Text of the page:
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Hungary’s Forint Seen Falling to Record Amid Euro-Region Turmoil

Hungary’s forint may weaken to an all-time low per euro as the currency area’s struggling economy generates “growing market nervousness,” according to X-Trade Brokers Dom Maklerski SA, the currency’s third-most accurate forecaster.

The forint may extend the developing world’s second-biggest one-month decline in the coming weeks as concern over slowing euro-area growth dents the currencies of nations with close economic ties to the region, the Warsaw-based brokerage said.

The probability the forint will drop to a record against the euro by the end of March has increased almost six-fold to 77 percent in the past month, according to data compiled by Bloomberg based on market options. The chance of gains to below 310 per euro fell to 43 percent from 74 percent in the period.

“We see risks that global markets will turn to full-scale turmoil,” Przemyslaw Kwiecien, the Warsaw-based chief economist at X-Trade Brokers, said by phone today. The major concern is a long period of accommodative monetary policies might not be enough to spur global growth, he said.

‘More Elevated’

Sluggish growth in the euro area and the first negative inflation rate in more than five years pose risks to Hungary’s economy, which conducts 75 percent of its trade with the European Union. In a bid to support growth, the National Bank of Hungary has pledged to keep its benchmark rate unchanged at a record- low 2.1 percent until the end of the year after ending a 24-month rate-cut cycle in July.

The forint rose 0.1 percent to 319.36 per euro by 4:08 p.m. in Budapest after retreating as much as 0.4 percent to 320.86, the weakest in three years. The currency fell to a record 324.24 in Jan. 2012, when Hungary requested aid from the International Monetary Fund and the nation lost its investment-grade credit rating.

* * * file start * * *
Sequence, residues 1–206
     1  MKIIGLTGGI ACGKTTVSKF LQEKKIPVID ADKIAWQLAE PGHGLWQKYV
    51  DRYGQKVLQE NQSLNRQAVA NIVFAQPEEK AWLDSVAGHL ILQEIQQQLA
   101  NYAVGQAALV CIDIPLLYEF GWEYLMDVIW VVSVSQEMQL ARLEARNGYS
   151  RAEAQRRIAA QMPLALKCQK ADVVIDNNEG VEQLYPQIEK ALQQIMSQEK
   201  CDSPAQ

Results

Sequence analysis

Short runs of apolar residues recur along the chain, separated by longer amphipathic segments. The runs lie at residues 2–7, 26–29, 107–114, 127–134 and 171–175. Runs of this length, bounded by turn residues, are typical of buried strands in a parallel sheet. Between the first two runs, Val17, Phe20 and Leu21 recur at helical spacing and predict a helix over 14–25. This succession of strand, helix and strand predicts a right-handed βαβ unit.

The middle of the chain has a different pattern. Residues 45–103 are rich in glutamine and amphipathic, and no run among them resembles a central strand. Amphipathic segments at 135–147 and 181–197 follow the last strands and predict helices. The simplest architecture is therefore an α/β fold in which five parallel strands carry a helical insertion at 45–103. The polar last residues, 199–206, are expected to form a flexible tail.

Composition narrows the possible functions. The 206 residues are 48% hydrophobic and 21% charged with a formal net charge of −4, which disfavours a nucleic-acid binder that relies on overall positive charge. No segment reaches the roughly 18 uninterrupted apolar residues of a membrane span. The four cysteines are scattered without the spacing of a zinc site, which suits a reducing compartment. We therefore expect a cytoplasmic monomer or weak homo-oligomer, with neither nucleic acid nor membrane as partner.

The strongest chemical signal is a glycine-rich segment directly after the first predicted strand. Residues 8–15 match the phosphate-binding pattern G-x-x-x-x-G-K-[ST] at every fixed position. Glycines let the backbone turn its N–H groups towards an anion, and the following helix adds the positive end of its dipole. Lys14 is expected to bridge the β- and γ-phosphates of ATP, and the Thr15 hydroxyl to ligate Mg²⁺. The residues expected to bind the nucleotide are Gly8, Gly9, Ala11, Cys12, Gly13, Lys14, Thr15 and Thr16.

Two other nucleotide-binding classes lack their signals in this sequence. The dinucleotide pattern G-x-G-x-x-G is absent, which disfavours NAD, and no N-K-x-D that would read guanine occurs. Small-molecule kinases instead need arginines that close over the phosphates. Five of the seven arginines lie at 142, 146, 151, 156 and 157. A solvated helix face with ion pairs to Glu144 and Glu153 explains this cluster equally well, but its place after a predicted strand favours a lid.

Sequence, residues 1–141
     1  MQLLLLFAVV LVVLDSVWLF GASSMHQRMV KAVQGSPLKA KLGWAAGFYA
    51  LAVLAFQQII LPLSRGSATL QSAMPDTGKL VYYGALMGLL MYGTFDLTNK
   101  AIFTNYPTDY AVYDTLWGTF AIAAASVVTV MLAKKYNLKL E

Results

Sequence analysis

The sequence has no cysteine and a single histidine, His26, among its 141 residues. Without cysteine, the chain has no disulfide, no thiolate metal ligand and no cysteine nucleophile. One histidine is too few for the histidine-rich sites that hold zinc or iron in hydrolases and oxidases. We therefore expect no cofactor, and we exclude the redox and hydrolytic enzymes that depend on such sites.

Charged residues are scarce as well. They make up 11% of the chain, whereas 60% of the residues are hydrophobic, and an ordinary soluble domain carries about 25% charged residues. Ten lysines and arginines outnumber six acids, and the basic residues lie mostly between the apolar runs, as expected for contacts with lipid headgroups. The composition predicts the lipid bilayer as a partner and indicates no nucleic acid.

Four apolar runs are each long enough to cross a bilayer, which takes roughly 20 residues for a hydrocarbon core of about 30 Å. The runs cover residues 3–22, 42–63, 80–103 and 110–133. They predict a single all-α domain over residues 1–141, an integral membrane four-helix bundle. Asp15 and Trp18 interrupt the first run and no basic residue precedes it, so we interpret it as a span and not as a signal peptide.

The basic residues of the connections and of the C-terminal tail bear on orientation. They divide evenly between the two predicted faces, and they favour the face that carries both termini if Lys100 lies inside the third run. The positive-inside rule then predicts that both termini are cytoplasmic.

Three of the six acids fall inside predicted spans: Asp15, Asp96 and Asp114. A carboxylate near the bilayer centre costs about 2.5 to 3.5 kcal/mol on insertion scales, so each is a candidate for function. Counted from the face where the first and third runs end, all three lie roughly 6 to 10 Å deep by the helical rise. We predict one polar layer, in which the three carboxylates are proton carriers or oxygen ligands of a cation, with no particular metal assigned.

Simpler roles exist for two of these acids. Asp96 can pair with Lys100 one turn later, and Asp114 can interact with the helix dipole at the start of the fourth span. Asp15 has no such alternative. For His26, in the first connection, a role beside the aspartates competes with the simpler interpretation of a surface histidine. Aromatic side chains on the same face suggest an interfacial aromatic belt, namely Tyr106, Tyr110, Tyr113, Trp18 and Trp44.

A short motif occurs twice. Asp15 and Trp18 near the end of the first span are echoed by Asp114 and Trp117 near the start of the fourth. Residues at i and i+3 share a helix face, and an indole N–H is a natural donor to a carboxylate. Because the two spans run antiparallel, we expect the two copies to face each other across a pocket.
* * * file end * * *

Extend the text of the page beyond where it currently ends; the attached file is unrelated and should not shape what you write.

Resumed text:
XTB’s Kwiecen said he will probably change his forecasts next week to reflect “more elevated” exchange rates for the first half of the year. On Dec. 11, he predicted a 311 forint-per-euro rate for the end of March, according to data compiled by Bloomberg.

Hungary’s government signaled it won’t intervene to prop up the currency, with state secretary at the Economy Ministry Andras Tallai saying the cabinet “is interested in a forint exchange rate that supports sustainable growth.”

‘Unfavorable Sentiment’

The decline in Hungarian assets, including the forint, is caused by “unfavorable global sentiment” stemming from the Russia-Ukraine conflict, the plunge in oil prices, looming Greek elections and the mixed economic performance of developed nations, the central bank said in an e-mailed response to questions yesterday.

“The currency has eroded earlier resistances,” Monika Kiss and Akos Kuti, economists at Equilor Befektetesi Zrt. in Budapest, wrote in an e-mailed report today. It’s showing a higher correlation with Russia’s credit default swaps due to increased regional risks, they said.

To contact the reporter on this story: Marton Eder in Budapest at [email protected]

To contact the editors responsible for this story: Wojciech Moskwa at [email protected] Chris Kirkham, Matthew Brown

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